China's Belt and Road Initiative (BRI) has become a defining feature of Xi Jinping's foreign policy and dramatic symbol of China's rise as a global power. At the recent BRI Forum in Beijing, China celebrated the BRI as a gift to the world that has created huge economic benefits. China has claimed that 420,000 jobs have been created in BRI countries and 40 million people lifted out of poverty thanks to BRI-generated growth. Others see the BRI as less benign: a political tool aimed at boosting China's global standing while assisting Chinese companies overseas, suggesting that that China's development model is better for emerging market economies that offered by the West, and saddling poor countries with debt. While the idea of China having set "debt traps" has been definitively debunked, Chinese banks became ensnared in lending without proper assessments of risk and learned some hard lessons.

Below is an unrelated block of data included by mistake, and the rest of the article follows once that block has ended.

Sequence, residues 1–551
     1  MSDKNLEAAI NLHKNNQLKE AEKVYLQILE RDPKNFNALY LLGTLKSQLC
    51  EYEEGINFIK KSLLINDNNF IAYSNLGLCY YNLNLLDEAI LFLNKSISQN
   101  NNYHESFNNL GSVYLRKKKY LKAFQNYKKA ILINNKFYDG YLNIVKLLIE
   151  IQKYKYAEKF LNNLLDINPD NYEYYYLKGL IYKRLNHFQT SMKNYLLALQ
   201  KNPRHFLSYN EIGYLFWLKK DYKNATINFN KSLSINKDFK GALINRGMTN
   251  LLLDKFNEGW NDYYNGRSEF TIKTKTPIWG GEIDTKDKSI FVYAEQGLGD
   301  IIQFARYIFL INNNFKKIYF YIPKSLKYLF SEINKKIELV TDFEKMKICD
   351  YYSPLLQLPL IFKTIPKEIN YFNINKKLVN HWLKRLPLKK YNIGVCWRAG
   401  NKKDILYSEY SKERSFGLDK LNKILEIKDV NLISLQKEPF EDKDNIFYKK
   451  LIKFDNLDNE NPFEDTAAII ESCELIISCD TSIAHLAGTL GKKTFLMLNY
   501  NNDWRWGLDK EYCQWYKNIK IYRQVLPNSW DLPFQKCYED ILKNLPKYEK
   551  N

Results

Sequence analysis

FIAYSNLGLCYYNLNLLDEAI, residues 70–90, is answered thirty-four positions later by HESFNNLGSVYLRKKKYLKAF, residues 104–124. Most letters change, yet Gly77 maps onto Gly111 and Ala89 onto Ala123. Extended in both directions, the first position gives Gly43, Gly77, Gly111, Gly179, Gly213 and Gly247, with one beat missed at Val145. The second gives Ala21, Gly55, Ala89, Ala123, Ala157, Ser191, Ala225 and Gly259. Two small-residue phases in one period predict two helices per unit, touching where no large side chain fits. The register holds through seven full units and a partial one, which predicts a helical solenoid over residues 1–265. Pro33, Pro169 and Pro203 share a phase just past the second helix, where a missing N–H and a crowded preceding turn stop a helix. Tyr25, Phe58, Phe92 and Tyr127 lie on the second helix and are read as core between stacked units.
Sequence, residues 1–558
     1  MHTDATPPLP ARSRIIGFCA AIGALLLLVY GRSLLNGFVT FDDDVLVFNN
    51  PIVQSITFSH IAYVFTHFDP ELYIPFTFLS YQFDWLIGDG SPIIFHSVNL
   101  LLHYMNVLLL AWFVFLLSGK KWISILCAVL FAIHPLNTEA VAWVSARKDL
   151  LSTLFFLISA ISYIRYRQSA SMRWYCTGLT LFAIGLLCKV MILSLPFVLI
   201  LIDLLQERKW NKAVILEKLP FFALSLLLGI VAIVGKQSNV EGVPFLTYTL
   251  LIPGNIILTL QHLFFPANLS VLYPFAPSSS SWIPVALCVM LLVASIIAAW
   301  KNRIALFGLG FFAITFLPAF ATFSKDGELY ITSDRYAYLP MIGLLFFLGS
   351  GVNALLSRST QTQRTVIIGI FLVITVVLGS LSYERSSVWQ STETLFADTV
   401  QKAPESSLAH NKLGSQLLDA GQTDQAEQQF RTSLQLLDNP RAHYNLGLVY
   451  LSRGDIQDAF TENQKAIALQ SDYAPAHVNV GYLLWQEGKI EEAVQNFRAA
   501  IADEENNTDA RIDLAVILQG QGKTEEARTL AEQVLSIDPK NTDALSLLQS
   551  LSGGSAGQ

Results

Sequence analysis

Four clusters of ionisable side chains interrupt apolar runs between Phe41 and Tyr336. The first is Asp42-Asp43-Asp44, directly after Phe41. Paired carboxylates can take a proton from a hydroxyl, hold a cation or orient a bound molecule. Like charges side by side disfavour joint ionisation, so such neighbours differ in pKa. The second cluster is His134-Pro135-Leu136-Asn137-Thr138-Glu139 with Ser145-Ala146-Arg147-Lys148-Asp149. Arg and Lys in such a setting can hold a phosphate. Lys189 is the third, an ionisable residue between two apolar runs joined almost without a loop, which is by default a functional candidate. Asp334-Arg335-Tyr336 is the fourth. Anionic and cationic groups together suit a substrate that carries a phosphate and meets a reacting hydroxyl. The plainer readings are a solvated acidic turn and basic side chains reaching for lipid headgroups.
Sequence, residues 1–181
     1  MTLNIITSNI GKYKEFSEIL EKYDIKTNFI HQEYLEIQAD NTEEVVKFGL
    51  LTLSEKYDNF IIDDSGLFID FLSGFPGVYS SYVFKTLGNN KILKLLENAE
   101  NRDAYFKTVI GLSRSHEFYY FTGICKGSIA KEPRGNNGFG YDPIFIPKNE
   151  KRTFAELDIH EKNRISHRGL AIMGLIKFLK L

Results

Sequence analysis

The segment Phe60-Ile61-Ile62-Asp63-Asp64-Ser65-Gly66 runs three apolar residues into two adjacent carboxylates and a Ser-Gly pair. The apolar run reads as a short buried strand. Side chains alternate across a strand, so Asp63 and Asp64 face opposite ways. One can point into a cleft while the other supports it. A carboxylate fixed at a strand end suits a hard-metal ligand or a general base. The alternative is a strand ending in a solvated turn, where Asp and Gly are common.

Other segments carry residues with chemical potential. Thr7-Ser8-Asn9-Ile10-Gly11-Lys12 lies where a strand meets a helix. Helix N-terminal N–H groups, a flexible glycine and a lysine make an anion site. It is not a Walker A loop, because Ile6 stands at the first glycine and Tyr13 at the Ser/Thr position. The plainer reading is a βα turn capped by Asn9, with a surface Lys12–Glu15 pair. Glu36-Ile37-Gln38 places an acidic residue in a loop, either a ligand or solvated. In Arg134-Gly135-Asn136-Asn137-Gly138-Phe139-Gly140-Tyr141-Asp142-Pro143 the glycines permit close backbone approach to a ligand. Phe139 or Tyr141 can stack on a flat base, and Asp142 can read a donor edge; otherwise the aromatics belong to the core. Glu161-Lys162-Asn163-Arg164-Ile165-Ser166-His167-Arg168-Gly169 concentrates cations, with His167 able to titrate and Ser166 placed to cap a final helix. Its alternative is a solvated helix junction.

After ten years, the BRI is becoming more focused and strategic. The new emphasis on "small yet smart" project suggests that future endeavors will have higher standards and better returns, and involve industries like green energy and digital infrastructure. There also seems to be an emphasis on projects closer to home in Southeast Asia. Join us for an informative session to assess what the BRI has come to represent for China and what to expect moving forward.
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